Since my last round of “thank yous,” we have our remaining events for the year and, like my earlier column in which I gave thanks, I want to give a general shout-out to all those who made those events possible and a success. The Christmas Parade was one of our largest and was absolutely spectacular. Everyone came together to make it run smoothly and I want to thank all of those — staff, volunteers, sponsors, the media, the City departments and others — who made it all come together flawlessly.
At this time of year, we are thinking about the holidays and will soon be celebrating with family and friends. It’s also a time for reflection on 2019. In the Glasstown Arts District, we are wrapping up the year while planning for 2020.
We now come, on our “walking tour” of The Ave, to the south side of the 500 block. After this, we’ll be at the Boulevard and the mini-parks. We’ll take a rest there for a week or so and do some year-end reflections.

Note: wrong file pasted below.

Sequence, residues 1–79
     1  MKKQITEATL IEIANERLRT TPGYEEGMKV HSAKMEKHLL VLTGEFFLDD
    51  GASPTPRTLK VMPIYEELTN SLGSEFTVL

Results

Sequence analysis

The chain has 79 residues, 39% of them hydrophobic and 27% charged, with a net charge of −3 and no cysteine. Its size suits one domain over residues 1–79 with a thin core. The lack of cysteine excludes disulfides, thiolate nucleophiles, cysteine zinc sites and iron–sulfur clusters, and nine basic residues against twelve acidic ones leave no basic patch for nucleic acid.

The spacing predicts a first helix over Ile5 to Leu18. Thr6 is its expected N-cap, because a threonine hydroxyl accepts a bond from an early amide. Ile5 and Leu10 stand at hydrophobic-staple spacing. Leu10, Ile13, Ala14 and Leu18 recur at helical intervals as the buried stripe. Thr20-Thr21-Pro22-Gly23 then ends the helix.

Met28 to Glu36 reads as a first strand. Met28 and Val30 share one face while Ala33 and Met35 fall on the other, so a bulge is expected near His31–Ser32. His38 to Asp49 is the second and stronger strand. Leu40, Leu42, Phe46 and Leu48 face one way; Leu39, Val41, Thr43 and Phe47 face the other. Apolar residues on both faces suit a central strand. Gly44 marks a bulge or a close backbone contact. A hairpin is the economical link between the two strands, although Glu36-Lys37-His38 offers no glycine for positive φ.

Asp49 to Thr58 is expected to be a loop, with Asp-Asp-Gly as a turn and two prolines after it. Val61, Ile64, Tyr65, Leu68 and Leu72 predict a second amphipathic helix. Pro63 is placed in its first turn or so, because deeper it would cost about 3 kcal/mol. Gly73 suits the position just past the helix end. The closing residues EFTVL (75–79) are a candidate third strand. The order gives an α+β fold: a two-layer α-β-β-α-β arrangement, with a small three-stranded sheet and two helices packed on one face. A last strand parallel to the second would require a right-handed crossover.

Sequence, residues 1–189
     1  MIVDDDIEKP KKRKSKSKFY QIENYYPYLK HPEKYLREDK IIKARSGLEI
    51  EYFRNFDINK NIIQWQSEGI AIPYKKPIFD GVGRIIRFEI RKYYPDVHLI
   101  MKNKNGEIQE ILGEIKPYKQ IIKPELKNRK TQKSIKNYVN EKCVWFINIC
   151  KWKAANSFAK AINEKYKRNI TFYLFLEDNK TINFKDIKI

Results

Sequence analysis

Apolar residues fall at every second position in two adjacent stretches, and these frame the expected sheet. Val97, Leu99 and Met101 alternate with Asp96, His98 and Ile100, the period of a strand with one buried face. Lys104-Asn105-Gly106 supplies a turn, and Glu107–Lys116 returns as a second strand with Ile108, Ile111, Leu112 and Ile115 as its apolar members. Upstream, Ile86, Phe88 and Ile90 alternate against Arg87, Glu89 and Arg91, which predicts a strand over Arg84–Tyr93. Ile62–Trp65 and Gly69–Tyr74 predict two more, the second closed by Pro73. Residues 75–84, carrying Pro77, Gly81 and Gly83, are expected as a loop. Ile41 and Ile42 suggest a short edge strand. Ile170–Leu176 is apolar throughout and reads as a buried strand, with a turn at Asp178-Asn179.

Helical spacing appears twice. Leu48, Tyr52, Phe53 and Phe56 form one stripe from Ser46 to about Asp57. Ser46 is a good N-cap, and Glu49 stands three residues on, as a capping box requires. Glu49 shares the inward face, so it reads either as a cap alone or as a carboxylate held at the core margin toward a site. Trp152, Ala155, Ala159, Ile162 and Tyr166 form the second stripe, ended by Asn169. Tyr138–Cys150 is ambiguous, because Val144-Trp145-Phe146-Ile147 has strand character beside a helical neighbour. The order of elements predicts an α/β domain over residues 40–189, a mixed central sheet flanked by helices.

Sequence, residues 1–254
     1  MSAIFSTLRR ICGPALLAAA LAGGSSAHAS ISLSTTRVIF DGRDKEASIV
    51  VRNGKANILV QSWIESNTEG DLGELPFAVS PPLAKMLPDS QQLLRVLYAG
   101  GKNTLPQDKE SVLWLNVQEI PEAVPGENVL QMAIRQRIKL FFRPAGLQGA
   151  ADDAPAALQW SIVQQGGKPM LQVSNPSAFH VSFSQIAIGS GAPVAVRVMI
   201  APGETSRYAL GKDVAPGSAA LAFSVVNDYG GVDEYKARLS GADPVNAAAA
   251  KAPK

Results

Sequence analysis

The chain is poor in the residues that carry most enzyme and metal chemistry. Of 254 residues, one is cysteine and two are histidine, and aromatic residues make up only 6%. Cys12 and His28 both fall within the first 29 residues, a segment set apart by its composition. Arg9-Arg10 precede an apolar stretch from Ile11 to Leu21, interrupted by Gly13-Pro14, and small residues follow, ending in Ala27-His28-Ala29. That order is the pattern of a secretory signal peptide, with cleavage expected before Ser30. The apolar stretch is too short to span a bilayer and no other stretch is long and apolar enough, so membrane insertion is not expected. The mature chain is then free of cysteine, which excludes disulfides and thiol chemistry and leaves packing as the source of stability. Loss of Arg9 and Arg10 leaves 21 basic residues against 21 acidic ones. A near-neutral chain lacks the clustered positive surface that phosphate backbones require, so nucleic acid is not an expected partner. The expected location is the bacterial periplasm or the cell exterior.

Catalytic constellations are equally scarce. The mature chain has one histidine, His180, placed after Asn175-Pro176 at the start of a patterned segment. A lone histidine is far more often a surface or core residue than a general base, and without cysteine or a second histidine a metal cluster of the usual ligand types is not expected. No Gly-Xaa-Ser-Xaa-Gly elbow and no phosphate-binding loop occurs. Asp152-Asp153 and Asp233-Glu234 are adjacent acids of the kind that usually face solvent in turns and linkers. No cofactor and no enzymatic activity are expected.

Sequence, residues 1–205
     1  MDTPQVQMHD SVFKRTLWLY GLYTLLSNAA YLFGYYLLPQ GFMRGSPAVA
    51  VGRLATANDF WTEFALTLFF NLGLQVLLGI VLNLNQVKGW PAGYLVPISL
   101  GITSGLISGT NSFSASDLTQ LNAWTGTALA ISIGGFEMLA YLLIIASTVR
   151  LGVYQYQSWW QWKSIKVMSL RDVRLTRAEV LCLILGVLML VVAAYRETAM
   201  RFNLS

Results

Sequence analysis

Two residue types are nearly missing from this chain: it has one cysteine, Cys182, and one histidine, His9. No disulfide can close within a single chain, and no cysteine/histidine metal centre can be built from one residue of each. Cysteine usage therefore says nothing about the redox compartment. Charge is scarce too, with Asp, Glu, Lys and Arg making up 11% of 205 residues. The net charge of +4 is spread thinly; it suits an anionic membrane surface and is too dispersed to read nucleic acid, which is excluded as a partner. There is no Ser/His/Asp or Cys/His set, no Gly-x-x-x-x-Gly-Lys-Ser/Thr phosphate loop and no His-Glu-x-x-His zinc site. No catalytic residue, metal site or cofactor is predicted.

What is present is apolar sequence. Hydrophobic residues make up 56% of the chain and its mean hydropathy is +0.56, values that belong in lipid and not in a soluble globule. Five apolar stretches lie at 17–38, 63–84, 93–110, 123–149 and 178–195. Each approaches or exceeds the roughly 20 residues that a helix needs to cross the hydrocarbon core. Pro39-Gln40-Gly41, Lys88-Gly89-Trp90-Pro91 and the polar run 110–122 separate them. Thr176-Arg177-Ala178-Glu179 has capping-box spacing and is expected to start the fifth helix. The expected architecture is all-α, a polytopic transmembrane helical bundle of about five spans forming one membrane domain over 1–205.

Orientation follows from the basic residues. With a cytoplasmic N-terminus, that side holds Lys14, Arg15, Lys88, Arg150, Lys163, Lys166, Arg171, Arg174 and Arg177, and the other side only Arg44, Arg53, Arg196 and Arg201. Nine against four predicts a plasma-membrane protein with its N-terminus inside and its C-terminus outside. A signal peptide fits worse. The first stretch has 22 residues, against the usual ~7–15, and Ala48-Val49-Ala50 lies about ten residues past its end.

As an elected official at the municipal level of government, I find it difficult to think about issues in a purely political way. At the local level it’s more about practicality than politics. A prime example of the practical taking precedence over the political involves undocumented immigrants.
Tucked away along the bustling streets of center city Vineland is Milly’s Restaurant, a staple of authentic Latin American food in Cumberland County. The self-proclaimed home of “The World’s Best Guacamole,” this cozy, family-owned spot offers a unique combination of Mexican, Dominican, El Salvadorian, and Puerto Rican cuisine.
For a good part of the 1970s, my father, brother and I would traipse into the woods to harvest our Christmas tree: The a rarely spotted, not-too-popular cedar Christmas tree. And I loved it not because it was Christmastime, but because it was a cedar.
After a couple of weeks off, we’re back on track, continuing our “walking tour” of the Ave. We’ll spend this week and next week on the 500 block and then take another short break for year-end reflections.
An early 1860s brochure published by A. Cole & Co. to promote the settlement of Manumuskin shares many of the same ingredients found in Vineland founder Charles K. Landis’s newspaper ads of the same period, but each marketer offers a unique style of salesmanship in advertising his respective town.